A supermoon over Poland in 2015Reuters

“A super blue blood moon eclipse is coming.” “Something the United States hasn’t seen since 1866.” “Watch the moon turn blood-red in the sky.”

Reading some headlines this week, you might think the world is headed for some kind of apocalyptic event. What on Earth, er, what on the moon is a “super blue blood moon”?

The super blue blood moon is, in short, a really cool celestial event, a mix of phenomena that, for a brief time, make the moon appear different to us than it usually does on January 31.

It’s super because the moon is now at the closest spot to to Earth in the moon’s monthly orbit, a point known as a perigee.

It’s blue not because of its color, but because it’s the second full moon in a calendar month, a rarish occurrence—it happens once every few years—that’s responsible for the expression “once in a blue moon.”

And there’s blood in the name because this particular event is a total lunar eclipse. When the Earth, sun, and moon are in perfect alignment, the moon falls inside the Earth’s shadow. Some sunlight still manages to reach the moon, and as it passes through Earth’s atmosphere, air molecules filter out most of the blue light. What’s left, red light, casts a reddish hue on the lunar surface.

On Wednesday, all three phenomena align. To us here on Earth, if we’re in the best viewing spots on the planet and the weather’s good, the moon will appear less silvery gray and more orangey red.

So, there’s nothing scary about the super blue blood moon. There’s nothing scientific about the name, either, as Matt Simon in Wired thoroughly explains here. But the wording is catchy and click-y and, in recent years, widely used on the internet. NASA has leaned into it with press releases and dramatic videos bearing the foreboding name. (Our less dramatic neighbors to the north, at the Canadian Space Agency, have opted not to use the term in promotional materials.) The name has the potential for widespread appeal, and provides a way in for the average person to become interested in learning about some celestial alignments in our cosmic home.

That’s what Richard Nolle had in mind, when he coined the term “supermoon” in 1979.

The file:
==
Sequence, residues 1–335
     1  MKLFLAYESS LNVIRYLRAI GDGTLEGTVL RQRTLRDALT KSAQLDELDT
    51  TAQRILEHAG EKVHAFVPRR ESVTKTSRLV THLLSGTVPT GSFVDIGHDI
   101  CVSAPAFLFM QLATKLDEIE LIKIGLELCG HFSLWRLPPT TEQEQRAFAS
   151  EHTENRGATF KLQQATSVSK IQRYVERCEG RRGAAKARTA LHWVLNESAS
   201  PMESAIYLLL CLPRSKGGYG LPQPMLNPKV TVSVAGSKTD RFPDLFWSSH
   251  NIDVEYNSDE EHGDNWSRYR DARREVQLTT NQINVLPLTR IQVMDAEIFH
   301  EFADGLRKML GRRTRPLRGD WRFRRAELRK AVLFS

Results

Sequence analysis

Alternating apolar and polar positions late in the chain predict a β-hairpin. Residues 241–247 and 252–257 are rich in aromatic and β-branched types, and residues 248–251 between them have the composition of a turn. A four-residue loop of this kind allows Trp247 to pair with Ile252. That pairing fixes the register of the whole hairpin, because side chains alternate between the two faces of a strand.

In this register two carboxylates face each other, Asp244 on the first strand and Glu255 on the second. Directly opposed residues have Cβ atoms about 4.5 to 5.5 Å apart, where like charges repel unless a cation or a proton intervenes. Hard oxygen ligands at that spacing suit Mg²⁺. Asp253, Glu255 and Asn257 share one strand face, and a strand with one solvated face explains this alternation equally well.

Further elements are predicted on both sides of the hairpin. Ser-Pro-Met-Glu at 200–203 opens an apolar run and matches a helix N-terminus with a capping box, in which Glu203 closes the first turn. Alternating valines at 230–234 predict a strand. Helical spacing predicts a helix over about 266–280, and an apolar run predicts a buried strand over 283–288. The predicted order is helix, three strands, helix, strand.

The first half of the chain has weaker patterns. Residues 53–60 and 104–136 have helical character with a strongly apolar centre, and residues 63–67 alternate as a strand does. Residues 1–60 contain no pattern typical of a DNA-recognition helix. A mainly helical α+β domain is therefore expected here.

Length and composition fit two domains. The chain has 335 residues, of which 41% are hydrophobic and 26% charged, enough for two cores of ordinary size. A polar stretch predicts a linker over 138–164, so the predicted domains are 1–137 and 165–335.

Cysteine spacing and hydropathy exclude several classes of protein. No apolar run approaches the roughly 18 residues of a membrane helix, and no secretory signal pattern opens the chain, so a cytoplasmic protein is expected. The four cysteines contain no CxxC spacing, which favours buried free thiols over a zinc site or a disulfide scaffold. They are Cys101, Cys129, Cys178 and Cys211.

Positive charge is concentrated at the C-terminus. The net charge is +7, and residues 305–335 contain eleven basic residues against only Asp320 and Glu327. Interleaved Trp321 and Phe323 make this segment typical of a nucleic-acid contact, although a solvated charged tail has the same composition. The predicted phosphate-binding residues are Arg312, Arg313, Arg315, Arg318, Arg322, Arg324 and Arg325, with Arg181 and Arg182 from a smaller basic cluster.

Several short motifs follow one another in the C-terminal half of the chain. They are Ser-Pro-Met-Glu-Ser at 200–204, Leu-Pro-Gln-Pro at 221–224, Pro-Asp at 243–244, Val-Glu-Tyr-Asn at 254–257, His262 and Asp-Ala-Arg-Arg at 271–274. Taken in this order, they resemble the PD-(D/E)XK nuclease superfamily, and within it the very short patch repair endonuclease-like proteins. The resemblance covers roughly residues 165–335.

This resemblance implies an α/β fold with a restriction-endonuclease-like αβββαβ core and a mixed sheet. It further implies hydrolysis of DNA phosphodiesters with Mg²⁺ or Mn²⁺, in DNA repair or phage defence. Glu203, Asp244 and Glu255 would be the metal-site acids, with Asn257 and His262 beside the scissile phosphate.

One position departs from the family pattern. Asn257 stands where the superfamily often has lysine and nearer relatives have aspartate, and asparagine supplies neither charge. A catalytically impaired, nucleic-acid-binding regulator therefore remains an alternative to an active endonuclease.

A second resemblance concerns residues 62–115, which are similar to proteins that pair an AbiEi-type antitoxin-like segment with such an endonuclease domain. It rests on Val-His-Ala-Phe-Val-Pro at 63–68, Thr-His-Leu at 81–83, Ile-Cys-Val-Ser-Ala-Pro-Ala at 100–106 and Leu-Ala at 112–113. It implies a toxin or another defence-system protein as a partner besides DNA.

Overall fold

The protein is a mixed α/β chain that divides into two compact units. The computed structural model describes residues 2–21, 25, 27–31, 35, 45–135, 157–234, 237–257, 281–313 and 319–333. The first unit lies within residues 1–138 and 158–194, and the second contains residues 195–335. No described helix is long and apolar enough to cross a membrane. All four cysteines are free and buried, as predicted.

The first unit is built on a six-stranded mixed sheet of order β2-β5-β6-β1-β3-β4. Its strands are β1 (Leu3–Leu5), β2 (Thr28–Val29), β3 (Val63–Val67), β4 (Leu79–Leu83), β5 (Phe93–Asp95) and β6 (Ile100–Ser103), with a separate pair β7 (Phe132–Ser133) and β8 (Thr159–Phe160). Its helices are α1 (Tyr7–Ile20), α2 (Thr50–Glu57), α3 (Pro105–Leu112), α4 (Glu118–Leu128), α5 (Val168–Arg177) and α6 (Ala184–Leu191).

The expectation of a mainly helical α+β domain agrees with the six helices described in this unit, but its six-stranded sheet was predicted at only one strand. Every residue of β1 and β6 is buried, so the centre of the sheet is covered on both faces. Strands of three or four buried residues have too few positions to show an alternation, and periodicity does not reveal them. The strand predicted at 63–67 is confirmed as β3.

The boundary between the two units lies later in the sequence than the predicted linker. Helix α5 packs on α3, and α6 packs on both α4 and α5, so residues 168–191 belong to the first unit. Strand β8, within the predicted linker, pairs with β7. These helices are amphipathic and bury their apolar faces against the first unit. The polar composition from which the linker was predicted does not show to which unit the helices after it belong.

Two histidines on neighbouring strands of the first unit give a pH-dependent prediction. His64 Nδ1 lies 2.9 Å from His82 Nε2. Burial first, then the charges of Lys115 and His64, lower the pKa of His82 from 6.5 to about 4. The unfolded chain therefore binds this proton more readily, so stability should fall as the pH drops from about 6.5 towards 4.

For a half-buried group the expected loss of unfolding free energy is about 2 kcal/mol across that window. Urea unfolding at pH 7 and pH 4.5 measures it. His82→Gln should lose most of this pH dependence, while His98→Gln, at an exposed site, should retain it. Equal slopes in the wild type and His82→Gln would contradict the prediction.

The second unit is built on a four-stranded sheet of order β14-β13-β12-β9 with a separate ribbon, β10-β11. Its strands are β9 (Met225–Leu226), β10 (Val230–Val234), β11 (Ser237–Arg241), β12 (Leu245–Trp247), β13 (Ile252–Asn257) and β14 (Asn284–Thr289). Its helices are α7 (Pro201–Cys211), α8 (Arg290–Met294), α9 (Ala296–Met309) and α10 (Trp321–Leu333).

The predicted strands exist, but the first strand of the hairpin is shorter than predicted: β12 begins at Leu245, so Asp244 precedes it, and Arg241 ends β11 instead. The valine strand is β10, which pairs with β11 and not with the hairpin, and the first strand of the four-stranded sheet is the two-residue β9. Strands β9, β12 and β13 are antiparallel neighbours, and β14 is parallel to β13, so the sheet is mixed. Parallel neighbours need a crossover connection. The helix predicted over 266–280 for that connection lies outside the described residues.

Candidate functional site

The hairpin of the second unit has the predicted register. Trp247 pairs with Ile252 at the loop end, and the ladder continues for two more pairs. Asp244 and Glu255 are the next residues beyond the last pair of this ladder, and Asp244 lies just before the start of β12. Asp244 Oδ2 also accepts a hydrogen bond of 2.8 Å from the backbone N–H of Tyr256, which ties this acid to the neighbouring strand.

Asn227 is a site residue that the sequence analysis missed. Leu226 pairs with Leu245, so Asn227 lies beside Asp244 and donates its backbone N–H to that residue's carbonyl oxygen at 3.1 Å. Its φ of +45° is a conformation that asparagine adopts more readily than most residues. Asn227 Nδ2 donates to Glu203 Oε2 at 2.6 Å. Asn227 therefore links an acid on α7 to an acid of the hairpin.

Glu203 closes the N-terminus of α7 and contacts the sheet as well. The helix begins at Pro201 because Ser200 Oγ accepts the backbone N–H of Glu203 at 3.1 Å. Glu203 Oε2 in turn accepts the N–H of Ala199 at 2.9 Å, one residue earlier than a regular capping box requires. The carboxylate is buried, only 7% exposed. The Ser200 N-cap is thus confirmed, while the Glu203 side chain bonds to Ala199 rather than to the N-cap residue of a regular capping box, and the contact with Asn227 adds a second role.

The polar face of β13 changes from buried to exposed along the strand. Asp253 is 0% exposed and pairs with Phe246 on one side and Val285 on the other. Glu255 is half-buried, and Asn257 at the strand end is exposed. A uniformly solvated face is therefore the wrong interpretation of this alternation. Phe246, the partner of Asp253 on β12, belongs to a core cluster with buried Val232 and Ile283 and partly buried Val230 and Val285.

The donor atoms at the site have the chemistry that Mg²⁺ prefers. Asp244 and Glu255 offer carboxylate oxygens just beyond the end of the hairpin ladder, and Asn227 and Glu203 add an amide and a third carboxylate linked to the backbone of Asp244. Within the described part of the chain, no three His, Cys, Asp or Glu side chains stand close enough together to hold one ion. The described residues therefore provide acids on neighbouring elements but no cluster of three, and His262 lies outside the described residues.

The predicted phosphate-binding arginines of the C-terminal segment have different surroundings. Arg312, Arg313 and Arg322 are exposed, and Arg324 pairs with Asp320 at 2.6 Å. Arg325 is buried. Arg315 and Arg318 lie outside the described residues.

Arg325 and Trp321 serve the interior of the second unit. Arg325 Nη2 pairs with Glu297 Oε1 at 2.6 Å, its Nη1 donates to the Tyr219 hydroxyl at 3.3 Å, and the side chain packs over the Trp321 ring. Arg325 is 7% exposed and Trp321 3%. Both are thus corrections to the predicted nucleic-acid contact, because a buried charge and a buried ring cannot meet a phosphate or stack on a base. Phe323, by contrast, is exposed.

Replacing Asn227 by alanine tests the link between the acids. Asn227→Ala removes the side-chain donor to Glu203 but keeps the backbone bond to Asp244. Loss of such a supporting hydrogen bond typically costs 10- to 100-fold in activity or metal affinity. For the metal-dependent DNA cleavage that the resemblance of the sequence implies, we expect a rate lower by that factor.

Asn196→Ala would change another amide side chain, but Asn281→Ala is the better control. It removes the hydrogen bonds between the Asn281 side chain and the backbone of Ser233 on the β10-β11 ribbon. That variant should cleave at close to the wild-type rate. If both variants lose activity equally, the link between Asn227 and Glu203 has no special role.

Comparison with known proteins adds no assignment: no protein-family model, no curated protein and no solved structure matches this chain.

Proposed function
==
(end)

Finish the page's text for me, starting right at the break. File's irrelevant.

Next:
“‘Perigee syzygy’ is something that the average sixth-grader can’t handle, and that’s the average reading capability of the American adult,” Nolle said, referring to the term for a full moon during the moon’s closest approach to the planet. “So I figured we needed something a little more euphonic.”

Nolle is an astrologer based in Tempe, Arizona, who has been writing about supermoons for years and says the moon, when it is at its nearest to Earth, can contribute and influence geophysical activity, like earthquakes and volcanoes, and affect human behavior.

The idea that moon phases correlate with seismic activity has been frequently debunked by scientific research, and astrology is not a science field (though, as my colleague Julie Beck wrote recently, it’s enjoying a bit of a renaissance among Millennials.)

Nolle is credited with coming up with the term “supermoon,” even by his field’s skeptics. He first used it in an article in Dell Horoscope, an astrology magazine whose website includes horoscopes and stock-market outlooks. He said he first became interested in learning about the moon’s terrestrial implications when he taught sailing for the U.S. Navy in the 1980s.

“When you’re sailing in and out of the Sebastian Inlet or anywhere on the Atlantic coast, you become extremely aware of the tides,” Nolle said. “Because depending on the keel of your boat, you may or may not be able to get through. Anytime you’ve got a high tide, and particularly a supermoon-amplified high tide, it’s really easy to get in and out of the channel.”

Nolle has written astrological predictions based on celestial alignments each year for decades. He said he first started noticing the term “supermoon” in popular and mainstream news reports in 2009. “I noticed that some meteorologists began using it,” he said. “Science writers began using it in their articles. Naturally, I was delighted.”

Nolle points to the 17th-century German researcher Johannes Kepler as comparable to his situation. Kepler published several papers on, among other topics, astrology, and he studied meteorological data, collected over many years, to support his theories. Nolle said astronomers ended up adopting some of Kepler’s terminology. Today, a NASA space observatory to find Earth-sized planets around other stars is named for him. Kepler, of course, was working during a time in scientific study where the distinction between astronomy and astrology was often blurred.

The lunar trifecta, or the super blue blood moon—cue The Twilight Zone theme song—will be visible in North and Central America around sunrise on Wednesday. In Asia, the Middle East, and Australia, the event will occur after sunset on January 31. Western Europe and most of Africa and South America won’t see it. NASA will livestream the event starting at 5:30 a.m. EST on January 31 here.

Here’s when to look up Monday morning, around the world:

NASA

And if you’re in the United States:

NASA

Nolle said he will observe the event a few miles from his home in Tempe, near a view of the Superstition Mountains. “It’s going to be quite some sight to see,” he said.

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